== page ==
If the band’s music is very firmly rooted in Scottish traditional music, they have consciously expanded the range of influences which have been brought to bear on those roots (they will shortly reissue their very first album, the cassette-only Cascade, on CD for the first time). According to Donald, their fusion aesthetic evolved in an organic fashion.

“I think the progression of the music over the years has been very natural, and for me the changes have come from record to record. We have taken each album we have made very seriously, and tried not just to repeat what we did before, but to do something which has excited us musically at the time, even if that meant making the odd mistake. We draw on the things we hear around us, whether it be rock or jazz or fusion or dance music or whatever, and we find that we pick up a lot of ideas when we toured to places like South America or the Middle East.”

Capercaillie’s other principal trademark is the singing of Karen Matheson, notably on Gaelic songs, which have remained a constant presence in the band’s repertoire from their earliest days.

“Both Karen and I were brought up in an environment where Gaelic song was very strong, and we kind of absorbed them by osmosis to some extent. We realised the Gaelic songs were probably our strongest material, but we have worked on ways to recreate them within our own sound. They have great possibilities with melody and rhythm, and we are totally at home with that. We’re not on a mission for the language as such, it’s more just a matter of what comes naturally to us.

“Karen is finally going to record a traditional album this year,” he added. “We’ve been talking about that for about 15 years now, but I think it will happen this time!”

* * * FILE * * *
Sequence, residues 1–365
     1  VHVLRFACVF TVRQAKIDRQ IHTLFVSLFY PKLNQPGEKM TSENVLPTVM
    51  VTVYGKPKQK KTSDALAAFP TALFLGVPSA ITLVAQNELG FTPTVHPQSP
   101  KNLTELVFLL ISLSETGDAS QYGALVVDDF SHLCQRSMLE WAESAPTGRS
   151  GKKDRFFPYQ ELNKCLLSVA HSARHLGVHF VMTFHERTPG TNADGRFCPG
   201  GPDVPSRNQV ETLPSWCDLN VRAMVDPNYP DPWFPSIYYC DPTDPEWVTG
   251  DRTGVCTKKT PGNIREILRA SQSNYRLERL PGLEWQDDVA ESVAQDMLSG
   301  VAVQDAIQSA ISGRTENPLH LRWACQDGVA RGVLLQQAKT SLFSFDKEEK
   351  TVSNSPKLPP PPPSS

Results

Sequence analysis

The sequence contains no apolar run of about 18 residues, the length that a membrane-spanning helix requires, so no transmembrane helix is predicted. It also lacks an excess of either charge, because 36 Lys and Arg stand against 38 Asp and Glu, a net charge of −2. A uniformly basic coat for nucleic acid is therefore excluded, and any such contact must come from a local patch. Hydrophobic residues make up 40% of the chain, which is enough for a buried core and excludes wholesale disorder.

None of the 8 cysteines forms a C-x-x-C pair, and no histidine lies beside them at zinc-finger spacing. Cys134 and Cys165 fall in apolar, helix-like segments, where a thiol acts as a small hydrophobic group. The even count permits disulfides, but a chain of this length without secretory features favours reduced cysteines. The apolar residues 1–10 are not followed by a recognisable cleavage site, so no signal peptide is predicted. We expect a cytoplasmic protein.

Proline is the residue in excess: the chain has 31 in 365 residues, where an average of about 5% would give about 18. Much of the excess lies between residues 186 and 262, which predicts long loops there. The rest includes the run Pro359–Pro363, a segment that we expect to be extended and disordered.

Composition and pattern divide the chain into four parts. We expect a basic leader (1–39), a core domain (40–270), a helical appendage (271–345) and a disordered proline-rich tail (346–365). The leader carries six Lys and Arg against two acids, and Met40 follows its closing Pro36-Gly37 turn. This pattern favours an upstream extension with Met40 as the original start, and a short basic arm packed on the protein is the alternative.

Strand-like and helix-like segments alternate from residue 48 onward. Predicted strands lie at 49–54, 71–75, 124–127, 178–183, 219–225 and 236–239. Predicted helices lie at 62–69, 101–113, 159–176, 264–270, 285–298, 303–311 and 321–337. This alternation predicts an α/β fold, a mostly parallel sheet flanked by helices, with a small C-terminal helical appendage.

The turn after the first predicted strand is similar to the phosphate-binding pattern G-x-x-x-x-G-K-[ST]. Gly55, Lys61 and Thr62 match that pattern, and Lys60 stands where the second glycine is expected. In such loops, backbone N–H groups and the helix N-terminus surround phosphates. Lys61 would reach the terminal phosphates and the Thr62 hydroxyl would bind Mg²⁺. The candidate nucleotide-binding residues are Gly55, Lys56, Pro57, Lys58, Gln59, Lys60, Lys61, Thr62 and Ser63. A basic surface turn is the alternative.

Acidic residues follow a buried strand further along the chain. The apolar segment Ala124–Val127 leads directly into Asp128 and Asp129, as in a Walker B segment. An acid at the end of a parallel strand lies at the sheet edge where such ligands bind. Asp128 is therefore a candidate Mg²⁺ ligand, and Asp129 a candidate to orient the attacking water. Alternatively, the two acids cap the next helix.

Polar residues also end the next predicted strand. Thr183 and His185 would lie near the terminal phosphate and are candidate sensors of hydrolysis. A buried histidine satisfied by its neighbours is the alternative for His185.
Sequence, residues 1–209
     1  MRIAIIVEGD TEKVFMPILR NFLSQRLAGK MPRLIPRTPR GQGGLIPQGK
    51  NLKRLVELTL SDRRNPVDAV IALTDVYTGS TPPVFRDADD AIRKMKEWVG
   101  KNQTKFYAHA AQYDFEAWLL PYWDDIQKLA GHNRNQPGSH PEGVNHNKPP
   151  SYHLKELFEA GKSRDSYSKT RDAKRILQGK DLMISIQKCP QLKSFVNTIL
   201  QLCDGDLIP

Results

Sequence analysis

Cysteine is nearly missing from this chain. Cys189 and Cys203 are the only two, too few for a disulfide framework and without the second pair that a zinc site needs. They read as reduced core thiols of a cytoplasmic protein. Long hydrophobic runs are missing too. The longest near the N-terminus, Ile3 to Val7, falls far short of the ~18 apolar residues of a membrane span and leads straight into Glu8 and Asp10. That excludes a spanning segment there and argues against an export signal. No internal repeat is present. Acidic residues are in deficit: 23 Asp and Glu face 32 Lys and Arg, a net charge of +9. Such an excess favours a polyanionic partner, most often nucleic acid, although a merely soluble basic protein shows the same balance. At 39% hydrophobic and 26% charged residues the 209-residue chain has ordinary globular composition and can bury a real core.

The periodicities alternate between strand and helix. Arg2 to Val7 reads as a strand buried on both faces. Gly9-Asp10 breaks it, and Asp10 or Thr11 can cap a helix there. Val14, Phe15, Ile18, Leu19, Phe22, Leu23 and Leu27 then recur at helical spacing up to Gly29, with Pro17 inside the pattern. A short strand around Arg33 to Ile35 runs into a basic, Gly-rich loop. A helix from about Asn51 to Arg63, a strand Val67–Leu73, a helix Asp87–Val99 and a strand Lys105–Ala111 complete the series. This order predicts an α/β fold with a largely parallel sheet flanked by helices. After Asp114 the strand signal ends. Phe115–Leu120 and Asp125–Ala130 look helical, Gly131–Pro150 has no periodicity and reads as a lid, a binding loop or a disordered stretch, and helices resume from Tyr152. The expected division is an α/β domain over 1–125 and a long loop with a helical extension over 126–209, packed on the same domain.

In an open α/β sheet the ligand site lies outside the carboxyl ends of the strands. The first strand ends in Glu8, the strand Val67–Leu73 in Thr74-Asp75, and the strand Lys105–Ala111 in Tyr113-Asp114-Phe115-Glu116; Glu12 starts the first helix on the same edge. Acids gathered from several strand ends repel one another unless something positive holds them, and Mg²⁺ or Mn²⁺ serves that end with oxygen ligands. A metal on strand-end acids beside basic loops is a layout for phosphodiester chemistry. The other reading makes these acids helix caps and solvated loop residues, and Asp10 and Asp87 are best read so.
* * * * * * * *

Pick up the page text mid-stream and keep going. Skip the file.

That development of new recording technology has changed the way all bands work, but the fundamentals of making records remains the same.

Charlie McKerron © Capercaillie

“With the hard disc recording systems available now you can be pretty creative, and we can work on stuff at Charlie’s place near Aviemore or at Manus’s in Donegal, because we all have the same gear. It’s important to remember not to lose the focus on the music and get too caught up in the technology, though. So many times now we are working on songs and have three or four different versions going, but time and again it turns out that the first take is the one that has the soul and the excitement. The ideal is always to make full use of the possibilities the studio and technology have to offer, but always keep that warmth and energy at the heart of the music.”

Capercaillie were among the early bands to go down the route of setting up their own label, Vertical Records, having had a less than satisfactory experience signed to a major label in London. That has benefited a number of artists issued on the label, including Michael McGoldrick, James Grant, Alyth McCormack and NUSA.

“I was feeling that I was spending months putting everything into a project then handing over the baby to someone else. That grew increasingly frustrating, and I thought rather than going around moaning I should do something. I knew it would be hard work and I wouldn’t make money from it, but I shared the opinion of lots of my peers that what we wanted was a fair contract that wasn’t binding for more than one album at a time.

“In pop if someone is giving you six figure sums you can understand that restriction, but in our market place a lot of smaller labels were guilty of doing that unfairly. I signed people for one album at a time, and I also wanted to try some different ways of getting records out there.

“The market is changing very fast. People can record much more cheaply now, and it’s hard to get records into the retail outlets. I do less records now just because of the time and energy involved, and it’s not got any easier, but I don’t regret having done it.”

Capercaillie will play at the following venues in May 2004
Rhinns Hall, Portnahaven, Islay, Wednesday 5 May 2004
Corran Halls, Oban, Thursday 6 May 2004
Glenuig Hall, Glenuig, Friday 7 May 2004
Aros, Tobermory, Isle of Mull, Saturday 8 May 2004
Southend Hall, Isle of Uist, Monday 10 May 2004
Vatersay Hall, Vatersay, Barra, Tuesday 11 May 2004
Gathering Hall, Portree, Isle of Skye, Wednesday 12 May 2004
Macphail Centre, Ullapool, Thursday 13 May 2004
Universal Hall, Findhorn, Friday 14 May 2004

© Kenny Mathieson, 2004